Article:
Open Access Original Research Article

Modulatory Effects of Some Fruit Juices on Lipid Profile in Rats Fed with High Lipid Diet

Habibu Tijjani, Enoch Banbilbwa Joel, Carrol Domkat Luka

Asian Journal of Biochemistry, Genetics and Molecular Biology, Page 1-8
DOI: 10.9734/ajbgmb/2020/v3i230079

Background: Hyperlipidemia is a predisposing factor to several cardiovascular diseases, including atherosclerosis, myocardial infarction, heart attacks and others.

Aim: This study investigate the hypolipidemic properties of five selected fruits using rats pre-fed with High Lipid Diet (HLD) under experimental conditions.

Methods: Raw fruit juices from Guava (Psidium guajava), Pawpaw (Carica papaya), Banana (Musa acuminata), Apple (Pyrus malus) and Pineapple (Ananas comosus) respectively, were administered orally at a dose of 7 ml/kg body weight for 14 days. Sera from the experimental rats were prepared for total cholesterol (TC), triglyceride (TG), High Density Lipoprotein (HDL) and Low Density Lipoprotein (LDL) assay, while Very Low Density Lipoprotein (VLDL) and Atherogenic Index (AI) were computed.

Results: Feeding the experimental rats with High Lipid Diet increased their levels of TC, TG, LDL, VLDL and AI by 68.73%, 72.94%, 20.23%, 71.79% and 208.72% respectively with a corresponding decrease in HDL by 29.47%. Pineapple juice significantly reduced the levels of TC, TG, LDL, VLDL and AI by 84.44%, 69.39%, 95.19%, 70.15% and 96.99% respectively. Guava, banana and apple treated groups produced 56.72%, 23.88% and 07.46% increase in HDL respectively, with a non-significant (p<0.05) value in pawpaw treated group, when compared to the HLD untreated control. Phytochemical screening revealed the presence of alkaloids, flavonoids, saponins, cardiac glycosides, terpenes and steroids in all fruit juices and the absence of balsams and phenols.

Conclusion: Consumption of the selected fruit juices improved lipid profile and reduced the risk associated with hyperlipidemia in experimental rats.

Open Access Original Research Article

Antioxidant Properties and Protective Effect of Aqueous Anti-Ulcer Drug (AQAUD) against Aspirin-induced Gastric Ulcers in Albino Rats

B. A. Mba, C. S. Alisi, A. C. Ene

Asian Journal of Biochemistry, Genetics and Molecular Biology, Page 9-21
DOI: 10.9734/ajbgmb/2020/v3i230081

Aim: The aim of this study is to evaluate the antioxidant properties and protective effects of aqueous anti-ulcer drug (AQAUD) against aspirin-induced gastric ulcer in albino rats.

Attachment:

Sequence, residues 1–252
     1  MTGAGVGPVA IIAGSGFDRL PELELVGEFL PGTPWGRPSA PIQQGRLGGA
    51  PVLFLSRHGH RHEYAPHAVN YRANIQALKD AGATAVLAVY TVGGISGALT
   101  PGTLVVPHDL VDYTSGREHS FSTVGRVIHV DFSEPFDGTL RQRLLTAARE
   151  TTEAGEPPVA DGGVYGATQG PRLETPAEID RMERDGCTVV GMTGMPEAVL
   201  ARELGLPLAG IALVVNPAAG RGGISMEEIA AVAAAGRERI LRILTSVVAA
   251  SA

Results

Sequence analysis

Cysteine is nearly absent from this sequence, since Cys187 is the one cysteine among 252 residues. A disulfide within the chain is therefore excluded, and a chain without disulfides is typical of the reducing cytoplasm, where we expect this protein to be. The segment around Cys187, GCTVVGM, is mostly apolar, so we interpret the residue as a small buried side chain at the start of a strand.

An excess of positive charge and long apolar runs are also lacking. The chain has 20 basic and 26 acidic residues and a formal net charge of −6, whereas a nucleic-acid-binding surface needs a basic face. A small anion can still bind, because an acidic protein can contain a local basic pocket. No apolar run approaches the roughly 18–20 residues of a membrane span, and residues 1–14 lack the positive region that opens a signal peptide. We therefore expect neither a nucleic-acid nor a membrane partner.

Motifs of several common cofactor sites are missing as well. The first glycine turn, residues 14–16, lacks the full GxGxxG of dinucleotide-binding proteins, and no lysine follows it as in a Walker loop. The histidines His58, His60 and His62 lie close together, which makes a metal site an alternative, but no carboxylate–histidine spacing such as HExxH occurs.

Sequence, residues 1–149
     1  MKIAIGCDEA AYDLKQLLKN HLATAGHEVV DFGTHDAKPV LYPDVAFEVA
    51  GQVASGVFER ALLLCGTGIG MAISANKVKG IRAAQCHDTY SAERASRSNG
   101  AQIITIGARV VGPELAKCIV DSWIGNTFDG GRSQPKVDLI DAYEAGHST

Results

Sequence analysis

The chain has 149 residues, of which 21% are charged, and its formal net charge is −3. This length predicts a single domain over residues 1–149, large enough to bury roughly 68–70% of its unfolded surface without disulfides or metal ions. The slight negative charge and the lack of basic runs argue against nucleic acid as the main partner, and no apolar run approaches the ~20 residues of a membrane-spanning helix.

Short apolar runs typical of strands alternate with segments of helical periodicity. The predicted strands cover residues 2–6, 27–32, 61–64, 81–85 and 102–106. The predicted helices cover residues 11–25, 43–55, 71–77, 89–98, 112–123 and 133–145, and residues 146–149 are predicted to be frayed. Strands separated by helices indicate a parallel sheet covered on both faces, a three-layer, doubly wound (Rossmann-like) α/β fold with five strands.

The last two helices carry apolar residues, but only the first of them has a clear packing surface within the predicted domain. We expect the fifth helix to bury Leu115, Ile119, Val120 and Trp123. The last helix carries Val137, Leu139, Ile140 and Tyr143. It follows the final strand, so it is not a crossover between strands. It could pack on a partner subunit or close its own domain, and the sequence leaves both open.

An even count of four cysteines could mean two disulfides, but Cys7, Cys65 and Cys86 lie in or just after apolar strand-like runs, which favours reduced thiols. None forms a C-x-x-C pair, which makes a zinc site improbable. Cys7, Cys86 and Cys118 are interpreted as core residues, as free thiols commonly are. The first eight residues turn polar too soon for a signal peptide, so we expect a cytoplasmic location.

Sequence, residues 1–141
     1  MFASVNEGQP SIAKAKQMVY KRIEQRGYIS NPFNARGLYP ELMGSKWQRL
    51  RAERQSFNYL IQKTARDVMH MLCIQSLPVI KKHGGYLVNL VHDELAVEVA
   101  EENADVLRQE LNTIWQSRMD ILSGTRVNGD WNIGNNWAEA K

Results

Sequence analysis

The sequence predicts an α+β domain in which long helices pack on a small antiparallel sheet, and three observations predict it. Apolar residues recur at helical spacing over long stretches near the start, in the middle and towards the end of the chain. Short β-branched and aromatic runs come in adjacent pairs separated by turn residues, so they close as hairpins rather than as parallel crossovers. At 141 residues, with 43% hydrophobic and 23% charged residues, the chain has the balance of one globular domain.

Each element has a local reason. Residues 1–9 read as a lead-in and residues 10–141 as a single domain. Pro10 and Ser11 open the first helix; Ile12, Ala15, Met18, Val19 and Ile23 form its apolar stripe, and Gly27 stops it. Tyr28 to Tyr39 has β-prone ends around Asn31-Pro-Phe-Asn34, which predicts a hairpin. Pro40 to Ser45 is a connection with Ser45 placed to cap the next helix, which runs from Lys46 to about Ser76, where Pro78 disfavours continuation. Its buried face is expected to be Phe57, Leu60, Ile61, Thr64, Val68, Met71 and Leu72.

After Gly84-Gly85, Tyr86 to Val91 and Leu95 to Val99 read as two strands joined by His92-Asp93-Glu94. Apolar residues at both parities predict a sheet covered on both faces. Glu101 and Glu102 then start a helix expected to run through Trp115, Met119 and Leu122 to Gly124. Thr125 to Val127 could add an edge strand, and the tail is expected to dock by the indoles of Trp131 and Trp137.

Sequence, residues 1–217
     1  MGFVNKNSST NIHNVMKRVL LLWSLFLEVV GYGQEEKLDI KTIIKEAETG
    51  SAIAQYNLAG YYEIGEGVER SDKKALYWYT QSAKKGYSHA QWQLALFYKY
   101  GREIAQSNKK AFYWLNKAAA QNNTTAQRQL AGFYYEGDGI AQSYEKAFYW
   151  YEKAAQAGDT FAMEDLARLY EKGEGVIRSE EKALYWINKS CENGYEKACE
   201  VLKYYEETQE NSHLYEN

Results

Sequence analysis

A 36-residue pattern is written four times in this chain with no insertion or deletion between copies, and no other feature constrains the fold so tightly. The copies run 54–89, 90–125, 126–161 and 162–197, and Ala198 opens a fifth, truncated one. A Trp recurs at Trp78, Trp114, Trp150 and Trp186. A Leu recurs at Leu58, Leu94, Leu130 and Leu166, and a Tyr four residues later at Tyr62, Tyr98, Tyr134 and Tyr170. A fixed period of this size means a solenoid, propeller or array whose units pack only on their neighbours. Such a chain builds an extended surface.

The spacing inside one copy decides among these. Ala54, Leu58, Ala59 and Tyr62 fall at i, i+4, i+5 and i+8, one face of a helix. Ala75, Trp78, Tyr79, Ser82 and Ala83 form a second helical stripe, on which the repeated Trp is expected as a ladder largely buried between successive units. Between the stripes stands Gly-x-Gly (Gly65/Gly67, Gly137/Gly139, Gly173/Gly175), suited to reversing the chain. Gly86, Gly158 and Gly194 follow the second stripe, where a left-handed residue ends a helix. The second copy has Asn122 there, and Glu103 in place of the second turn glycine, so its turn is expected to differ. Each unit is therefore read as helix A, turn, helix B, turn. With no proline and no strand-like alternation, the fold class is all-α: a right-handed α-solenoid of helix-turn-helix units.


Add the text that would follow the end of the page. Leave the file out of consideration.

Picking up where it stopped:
Methods: In this study, 30 male albino rats were divided into 5 groups of 6 each. Rats in group I served as normal control and received food and water. Animals in group II received food and water in addition to aspirin (400 mg/kg.b.wt) orally on the 14th day. Rats in groups III, IV and V received “AQAUD” (250 mg/kg.b.wt), (500 mg/kg.b.wt) and Omeprazole (20 mg/kg.b.wt) respectively for 14 days and aspirin (400 mg/kg.b.wt) orally on the 14th day. In vitro antioxidant property of “AQAUD” was assessed by its nitric oxide and hydroxyl radicals scavenging properties. The ulcer protective effect of “AQAUD” was assessed by determining the free and total acidity, ulcer index and % protection in the stomach content. The antioxidant potential in animals was evaluated by determining the concentrations of malondialdehyde and reduced glutathione. Superoxide dismutase and catalase activities were assayed in the stomach homogenates to further assess antioxidant potential. Total phenolics and flavonoid compounds were quantified to know the antioxidant content. Histopathological assessment of the gastric mucosa was used to assess the protective potentials of “AQAUD”. Data were analyzed using Statistical Package for Social Science (SPSS) version 21.

Results: The results revealed that free acidity and ulcer indexes were significantly (p<0.05) reduced by “AQAUD”. There was a significant decrease in SOD activity of the stomach homogenates when compared to the aspirin group, with values for “AQAUD” 250 mg/kg.b.wt and “AQAUD” 500 mg/kg b.wt as 37.24±5.39ux10-2/mg protein and 23.64±2.91ux10-2/mg protein respectively. Result of acute toxicity testing showed that “AQAUD” is generally safe up to 5000 mg/kg b.wt.